There are calls today from the CBI for a review into the current UK energy policy. They claim that wind power is playing far too prominent a role in the UK energy mix, and that nuclear energy should be utilised far more extensively in future UK energy delivery.

We have serious doubts as to this point of view (too much wind?), what are your thoughts on this issue?

Please have your say in our poll……………

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Is Nuclear Power Safe?

Is Nuclear Power Safe? Vote Now.

nucs
The biggest question of our generation is – are nuclear power stations safe? Nuclear power is most dangerous thing man has ever created; Using it to create power has been a long standing argument ever since it was created – and no wonder people where and still are scared of it, the first time most people would have heard of nuclear power was when the bomb was dropped on Hiroshima and Nagasaki in Japan, the destruction that caused was unprecedented and would be enough for anyone to be worried, The problem is that if it goes wrong then what, thankfully it has only ever happened once in Chernobyl but I think you would agree that once is too much, In my honest opinion I don’t have a problem with nuclear power stations as I don’t think our scientists and chiefs at our power stations would ever experiment the way that the they apparently did in the lead up to the explosion, I don’t think that would be an issue, our biggest threat to our power stations today is the threat of terrorists but I have total trust in our security forces to prevent that from happening, I think nuclear power is safe but I would much rather have greener energy powering our nation.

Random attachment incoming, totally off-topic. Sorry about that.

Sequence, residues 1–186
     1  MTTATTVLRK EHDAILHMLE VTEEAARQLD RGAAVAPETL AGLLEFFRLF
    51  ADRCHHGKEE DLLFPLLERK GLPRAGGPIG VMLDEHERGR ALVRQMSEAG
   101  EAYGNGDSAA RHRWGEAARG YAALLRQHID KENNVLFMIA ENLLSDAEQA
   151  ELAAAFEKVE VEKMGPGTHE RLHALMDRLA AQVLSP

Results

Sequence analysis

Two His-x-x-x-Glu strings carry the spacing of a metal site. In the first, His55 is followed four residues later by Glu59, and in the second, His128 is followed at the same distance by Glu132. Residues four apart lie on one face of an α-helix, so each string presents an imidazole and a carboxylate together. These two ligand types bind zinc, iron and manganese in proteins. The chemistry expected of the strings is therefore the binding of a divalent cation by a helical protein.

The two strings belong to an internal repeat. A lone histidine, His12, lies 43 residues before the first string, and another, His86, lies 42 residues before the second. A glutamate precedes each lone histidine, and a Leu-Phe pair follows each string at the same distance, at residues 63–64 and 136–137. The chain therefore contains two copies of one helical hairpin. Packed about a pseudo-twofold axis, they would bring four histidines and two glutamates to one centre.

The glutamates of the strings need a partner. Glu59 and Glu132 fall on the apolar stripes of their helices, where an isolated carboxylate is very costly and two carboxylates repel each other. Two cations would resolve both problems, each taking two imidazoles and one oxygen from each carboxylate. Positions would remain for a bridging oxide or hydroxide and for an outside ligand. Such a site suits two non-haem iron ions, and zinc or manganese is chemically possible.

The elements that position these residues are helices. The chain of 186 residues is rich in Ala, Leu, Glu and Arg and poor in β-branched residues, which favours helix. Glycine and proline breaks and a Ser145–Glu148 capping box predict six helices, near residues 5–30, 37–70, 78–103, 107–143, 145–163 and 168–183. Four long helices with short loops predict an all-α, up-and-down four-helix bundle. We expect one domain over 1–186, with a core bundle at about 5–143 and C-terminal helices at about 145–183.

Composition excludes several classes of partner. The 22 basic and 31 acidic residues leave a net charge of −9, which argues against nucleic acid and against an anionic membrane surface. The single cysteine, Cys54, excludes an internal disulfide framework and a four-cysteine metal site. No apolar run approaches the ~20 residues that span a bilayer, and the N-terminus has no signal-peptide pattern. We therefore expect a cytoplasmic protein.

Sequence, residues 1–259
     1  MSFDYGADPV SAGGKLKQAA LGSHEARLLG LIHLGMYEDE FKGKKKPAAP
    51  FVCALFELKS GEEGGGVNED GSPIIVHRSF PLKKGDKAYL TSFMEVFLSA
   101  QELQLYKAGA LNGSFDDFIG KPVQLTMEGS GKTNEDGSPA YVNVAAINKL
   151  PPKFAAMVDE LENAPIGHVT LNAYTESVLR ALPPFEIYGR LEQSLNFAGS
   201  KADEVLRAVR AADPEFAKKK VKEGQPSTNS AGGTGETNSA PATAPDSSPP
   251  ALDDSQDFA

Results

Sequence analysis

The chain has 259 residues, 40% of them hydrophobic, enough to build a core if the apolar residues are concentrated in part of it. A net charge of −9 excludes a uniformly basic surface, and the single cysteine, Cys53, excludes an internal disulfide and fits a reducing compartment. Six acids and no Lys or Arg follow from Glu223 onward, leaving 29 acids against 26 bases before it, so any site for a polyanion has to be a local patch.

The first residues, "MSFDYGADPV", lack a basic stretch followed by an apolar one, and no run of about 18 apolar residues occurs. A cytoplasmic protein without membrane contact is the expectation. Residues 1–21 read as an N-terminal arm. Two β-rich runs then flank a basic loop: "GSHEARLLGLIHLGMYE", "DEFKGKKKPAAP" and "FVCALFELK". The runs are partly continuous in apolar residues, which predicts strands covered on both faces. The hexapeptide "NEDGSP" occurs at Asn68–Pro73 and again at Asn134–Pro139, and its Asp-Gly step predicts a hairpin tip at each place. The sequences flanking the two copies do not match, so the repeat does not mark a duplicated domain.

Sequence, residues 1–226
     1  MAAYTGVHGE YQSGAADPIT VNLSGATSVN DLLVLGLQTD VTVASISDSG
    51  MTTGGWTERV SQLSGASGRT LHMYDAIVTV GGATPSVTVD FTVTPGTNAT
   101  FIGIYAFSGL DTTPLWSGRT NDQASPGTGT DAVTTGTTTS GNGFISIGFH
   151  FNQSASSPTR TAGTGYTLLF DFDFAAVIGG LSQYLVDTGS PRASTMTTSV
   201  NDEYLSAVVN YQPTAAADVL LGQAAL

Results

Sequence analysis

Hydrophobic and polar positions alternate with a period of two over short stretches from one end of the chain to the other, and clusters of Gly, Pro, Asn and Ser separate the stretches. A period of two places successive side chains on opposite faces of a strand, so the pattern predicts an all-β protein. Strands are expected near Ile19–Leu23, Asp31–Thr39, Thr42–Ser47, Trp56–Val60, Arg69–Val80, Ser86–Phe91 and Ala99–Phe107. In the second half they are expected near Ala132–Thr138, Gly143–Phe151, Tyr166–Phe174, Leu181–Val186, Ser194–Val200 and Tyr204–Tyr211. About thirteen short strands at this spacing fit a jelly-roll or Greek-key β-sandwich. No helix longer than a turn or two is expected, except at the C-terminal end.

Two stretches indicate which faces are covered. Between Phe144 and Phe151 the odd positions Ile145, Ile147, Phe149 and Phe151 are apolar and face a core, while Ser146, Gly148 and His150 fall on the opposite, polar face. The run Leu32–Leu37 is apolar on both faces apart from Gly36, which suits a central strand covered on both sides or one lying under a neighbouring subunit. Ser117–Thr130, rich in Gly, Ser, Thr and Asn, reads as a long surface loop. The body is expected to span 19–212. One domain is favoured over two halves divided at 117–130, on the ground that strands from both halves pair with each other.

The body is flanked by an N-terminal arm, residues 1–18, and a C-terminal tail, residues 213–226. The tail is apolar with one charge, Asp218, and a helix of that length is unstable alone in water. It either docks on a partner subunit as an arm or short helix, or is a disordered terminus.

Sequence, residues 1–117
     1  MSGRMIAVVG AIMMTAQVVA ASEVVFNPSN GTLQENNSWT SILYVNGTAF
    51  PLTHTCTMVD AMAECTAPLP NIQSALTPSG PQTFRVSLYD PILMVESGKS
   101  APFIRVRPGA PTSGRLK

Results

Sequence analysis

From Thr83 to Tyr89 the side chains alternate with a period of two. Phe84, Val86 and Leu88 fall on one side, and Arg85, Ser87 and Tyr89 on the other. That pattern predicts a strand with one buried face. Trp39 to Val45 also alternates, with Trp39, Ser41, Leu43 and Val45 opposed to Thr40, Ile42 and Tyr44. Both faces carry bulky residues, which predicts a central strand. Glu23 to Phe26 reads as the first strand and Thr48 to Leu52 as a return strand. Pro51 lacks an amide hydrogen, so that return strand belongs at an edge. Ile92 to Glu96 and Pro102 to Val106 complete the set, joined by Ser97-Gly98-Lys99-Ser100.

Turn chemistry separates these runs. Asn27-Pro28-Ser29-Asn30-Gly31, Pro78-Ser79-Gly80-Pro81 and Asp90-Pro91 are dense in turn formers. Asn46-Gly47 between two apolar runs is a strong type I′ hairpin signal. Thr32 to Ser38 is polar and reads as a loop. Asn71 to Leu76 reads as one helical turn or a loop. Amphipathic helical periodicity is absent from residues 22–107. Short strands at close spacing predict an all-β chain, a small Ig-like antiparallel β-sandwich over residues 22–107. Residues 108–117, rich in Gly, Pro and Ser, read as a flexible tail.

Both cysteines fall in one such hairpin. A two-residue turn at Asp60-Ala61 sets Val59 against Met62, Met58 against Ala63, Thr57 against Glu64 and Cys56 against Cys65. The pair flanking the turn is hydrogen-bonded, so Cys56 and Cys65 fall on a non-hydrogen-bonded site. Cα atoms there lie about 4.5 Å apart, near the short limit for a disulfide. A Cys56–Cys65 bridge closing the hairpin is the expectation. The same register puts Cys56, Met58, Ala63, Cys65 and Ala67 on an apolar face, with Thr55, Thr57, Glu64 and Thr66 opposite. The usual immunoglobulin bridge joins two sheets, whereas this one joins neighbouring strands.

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2009 Energy Saving and Recyling Tips

2009 is only a few days old and if (like us) you are already thinking of ways to reduce the pain of new year bills then there are a few great recycling ideas you can try out. Re-purposing and recycling are simple methods of reducing your carbon footprint, and who knows, trying it out for this month might save you so much that it will become part of your routine.

Here’s a few basic tips that we would implement, any other suggestions would be gratefully welcomed.

  • Recycle your old Christmas Tree!
  • Reuse or repurpose your old packaging – use old margarine tubs and bottles creatively
  • Try to limit buying products with excessive packaging volume
  • A little bit of DIY can save alot – repairing than than chucking out any items is the way to go
  • Reduce wastage by planning meals carefully
  • Reusable plastic shopping bags are becoming the common sense option now
  • Find a cheap electricity or gas tariff, preferably renewables sourced
  • Many UK Local authorities have recycling programmes in place and can recycle many different types of goods – if you don’t have a local collection check where your nearest recycling centre is
  • Dont be ashamed of buying second-hand products
  • Buy products made from recycled materials when possible
  • Get rid of any unwanted clothes, electrical goods, books and much more by selling them or donating to the local charity shops

Happy new year!